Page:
Family Church/Church Family
Most congregations consider themselves "family churches." That's not surprising, since we build on the family imagery of the New Testament. Jesus spoke to the Divine so frequently and so intimately that the Gospels, although written in Greek, retain the echo of the original Aramaic language in Jesus' "Abba, Father." Congregations assume the family image quite naturally.
But for the vast majority of congregations the "family church" is not the agrarian village church that it was 200 years ago, nor the ethnic enclave of immigrant communities that built our country a century ago. For most Americans the very concept of family, as this issue of THE CHRISTIAN MINISTRY makes clear, is under stress and in transition. Indeed, what some Christian leaders have called the "traditional family," composed of breadwinner/husband and homemaker/wife living with only the children of their marriage, accounts for fewer than 6 percent of the family units in the last U.S. census. The model of family has changed, and there is no consensus of its meaning in our time.
Standing at the threshold between the private and public dimensions of our lives, our congregations provide both windows of change and arenas of conflict as they struggle to live the new meanings of family. Of the places I visit, every congregation defines its sense of "family church" differently, and every congregation includes a variety of views, some slightly different and some significantly in opposition to one another. Often the church leaders who can name the competition can avoid costly conflict and are well on their way to creative accommodation within the limits of their faith.
Mainline Protestants take the model of the baseline "family church" from the excellent educational programs of the post-World War II era. They have something for everyone, and each program is organized around the ages of children and the life cycle of adults. The weekly worship bulletin announces meeting times and significant events of the coming month. In this kind of well-run "family church," ushers may greet a mother and child with the (double) message, "It's wonderful to see you this morning," but since children can be disruptive they will quickly add, "and we have child care - we'll be glad to show you the way." With such specialized programs, this family church has proven amazingly successful and resilient in the face of massive social change. But other options are becoming available.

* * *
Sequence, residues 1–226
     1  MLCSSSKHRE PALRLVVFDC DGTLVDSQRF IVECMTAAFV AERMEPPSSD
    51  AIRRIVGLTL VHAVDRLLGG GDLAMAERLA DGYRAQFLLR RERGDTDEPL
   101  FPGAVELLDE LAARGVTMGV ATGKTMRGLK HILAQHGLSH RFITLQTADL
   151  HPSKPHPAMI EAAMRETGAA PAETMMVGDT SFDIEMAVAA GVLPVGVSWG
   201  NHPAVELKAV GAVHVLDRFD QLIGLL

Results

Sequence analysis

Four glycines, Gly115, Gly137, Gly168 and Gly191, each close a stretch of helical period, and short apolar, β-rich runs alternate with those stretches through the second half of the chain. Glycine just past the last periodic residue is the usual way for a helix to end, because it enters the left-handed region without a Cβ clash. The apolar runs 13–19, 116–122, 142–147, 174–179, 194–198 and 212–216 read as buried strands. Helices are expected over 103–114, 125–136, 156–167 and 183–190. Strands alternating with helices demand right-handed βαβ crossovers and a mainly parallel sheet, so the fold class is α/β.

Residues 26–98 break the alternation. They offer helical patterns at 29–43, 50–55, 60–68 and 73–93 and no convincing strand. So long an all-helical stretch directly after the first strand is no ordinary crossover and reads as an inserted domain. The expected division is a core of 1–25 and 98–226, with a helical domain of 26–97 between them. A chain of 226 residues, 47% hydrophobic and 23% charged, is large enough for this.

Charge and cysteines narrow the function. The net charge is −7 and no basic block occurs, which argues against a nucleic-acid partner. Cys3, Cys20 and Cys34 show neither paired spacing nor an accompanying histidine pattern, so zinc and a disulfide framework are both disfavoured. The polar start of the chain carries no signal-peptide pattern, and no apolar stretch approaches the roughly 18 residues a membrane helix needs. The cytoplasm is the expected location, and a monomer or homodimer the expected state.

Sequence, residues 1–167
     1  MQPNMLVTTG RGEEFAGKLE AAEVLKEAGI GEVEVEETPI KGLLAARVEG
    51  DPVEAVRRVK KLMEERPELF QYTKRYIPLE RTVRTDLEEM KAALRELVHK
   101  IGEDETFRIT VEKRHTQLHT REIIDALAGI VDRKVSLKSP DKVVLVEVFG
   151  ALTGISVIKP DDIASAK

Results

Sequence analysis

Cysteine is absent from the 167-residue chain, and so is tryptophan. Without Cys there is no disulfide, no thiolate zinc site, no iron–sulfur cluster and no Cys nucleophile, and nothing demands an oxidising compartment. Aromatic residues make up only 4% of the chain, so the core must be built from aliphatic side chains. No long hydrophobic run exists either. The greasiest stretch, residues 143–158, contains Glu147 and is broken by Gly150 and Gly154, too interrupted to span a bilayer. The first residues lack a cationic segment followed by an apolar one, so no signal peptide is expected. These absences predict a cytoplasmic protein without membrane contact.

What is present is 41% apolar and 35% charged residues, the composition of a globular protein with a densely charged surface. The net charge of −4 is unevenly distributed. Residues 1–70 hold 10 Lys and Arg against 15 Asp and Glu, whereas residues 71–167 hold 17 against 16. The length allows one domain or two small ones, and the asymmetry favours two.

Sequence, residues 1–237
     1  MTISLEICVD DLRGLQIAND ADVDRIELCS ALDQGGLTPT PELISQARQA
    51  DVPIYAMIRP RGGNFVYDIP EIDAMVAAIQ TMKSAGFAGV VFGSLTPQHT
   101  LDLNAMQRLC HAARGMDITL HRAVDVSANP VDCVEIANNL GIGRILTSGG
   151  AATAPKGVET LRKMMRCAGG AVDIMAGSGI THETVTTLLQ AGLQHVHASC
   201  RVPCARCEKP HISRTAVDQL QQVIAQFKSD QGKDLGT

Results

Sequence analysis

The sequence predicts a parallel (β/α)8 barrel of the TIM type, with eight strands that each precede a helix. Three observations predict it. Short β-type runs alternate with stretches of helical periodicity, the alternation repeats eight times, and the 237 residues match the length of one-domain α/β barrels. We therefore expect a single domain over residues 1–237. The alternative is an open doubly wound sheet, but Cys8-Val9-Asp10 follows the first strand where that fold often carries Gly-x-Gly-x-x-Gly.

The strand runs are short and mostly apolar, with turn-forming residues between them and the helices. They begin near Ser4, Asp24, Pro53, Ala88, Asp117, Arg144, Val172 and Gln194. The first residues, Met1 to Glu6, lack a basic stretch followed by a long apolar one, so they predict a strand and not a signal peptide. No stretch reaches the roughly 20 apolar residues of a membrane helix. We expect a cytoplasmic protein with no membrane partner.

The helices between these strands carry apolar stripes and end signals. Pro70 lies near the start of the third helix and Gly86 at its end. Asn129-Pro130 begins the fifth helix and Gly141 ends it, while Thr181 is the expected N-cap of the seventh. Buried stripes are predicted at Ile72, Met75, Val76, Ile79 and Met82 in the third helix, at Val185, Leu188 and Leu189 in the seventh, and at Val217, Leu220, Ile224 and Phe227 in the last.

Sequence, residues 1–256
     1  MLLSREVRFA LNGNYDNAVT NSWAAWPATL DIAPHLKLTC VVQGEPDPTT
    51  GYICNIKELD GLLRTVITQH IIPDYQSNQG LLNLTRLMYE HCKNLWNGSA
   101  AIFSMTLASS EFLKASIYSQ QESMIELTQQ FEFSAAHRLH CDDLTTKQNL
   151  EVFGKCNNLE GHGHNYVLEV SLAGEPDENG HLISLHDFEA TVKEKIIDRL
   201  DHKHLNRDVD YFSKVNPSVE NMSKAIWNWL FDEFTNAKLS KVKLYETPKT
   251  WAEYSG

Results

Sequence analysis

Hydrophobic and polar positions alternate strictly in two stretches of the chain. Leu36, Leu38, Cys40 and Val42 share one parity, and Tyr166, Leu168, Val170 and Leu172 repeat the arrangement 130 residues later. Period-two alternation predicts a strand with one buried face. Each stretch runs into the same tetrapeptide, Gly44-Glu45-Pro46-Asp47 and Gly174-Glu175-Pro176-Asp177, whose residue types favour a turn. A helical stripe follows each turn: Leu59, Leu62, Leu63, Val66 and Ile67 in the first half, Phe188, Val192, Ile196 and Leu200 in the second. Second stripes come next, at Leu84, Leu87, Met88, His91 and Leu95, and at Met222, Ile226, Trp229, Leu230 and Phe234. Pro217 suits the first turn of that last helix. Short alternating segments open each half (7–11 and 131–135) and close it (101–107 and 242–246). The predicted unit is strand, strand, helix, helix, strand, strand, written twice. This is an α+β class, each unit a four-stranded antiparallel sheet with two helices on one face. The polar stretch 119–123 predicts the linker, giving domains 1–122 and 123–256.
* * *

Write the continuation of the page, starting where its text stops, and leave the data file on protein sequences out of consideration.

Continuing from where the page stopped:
There are "family churches" who see themselves as servants and counselors in an era of family distress. They are characterized by prayers that acknowledge "the pain of our broken family lives," and respond with liturgy that lifts up the comfort of God and a sermon that reaffirms God's healing power. Theirs is a family church that offers therapy in prayer and mutual support of pastoral care for all members.
Others may be a family church but reject the meaning they think the phrase implies. They may see themselves as models and advocates for the contemporary values of gender equality. Known by their use of pointedly neutral or feminine pronouns for God, their perception of "family" as male hierarchy makes some worshipers uncomfortable. Yet they are equally vocal and vigorous in their commitment to the family values of fulfilling our Christian vocation (gifts) through mutual love, child care, educational opportunities, lifelong commitments and the like. In these congregations, with some members mainline and some members drawn from gay and lesbian communities, the language gets reversed but not lost: these Christians talk of "church family" more than "family church."
Many ethnic congregations define "church family" in a similar, vertical way, as a family of the whole.· In the historic black Church, for example, adult members are likely to attend with parents, and children to attend with their grandparents. In these congregations no separate child care exists or is felt to be needed. Committee meetings for adults often include the children and grandchildren of participants. These extended church families have provided continuity over time, and, in turn, sustained a spiritual awareness unparalleled in other cultural groups.
With Jesus, these churches all call upon "Abba, Father/Creator." Although it has different meaning, no doubt all are heard. I believe we need their differences, not only between congregations, but within each church.· Then we are embracing all who are included in the love that we have known.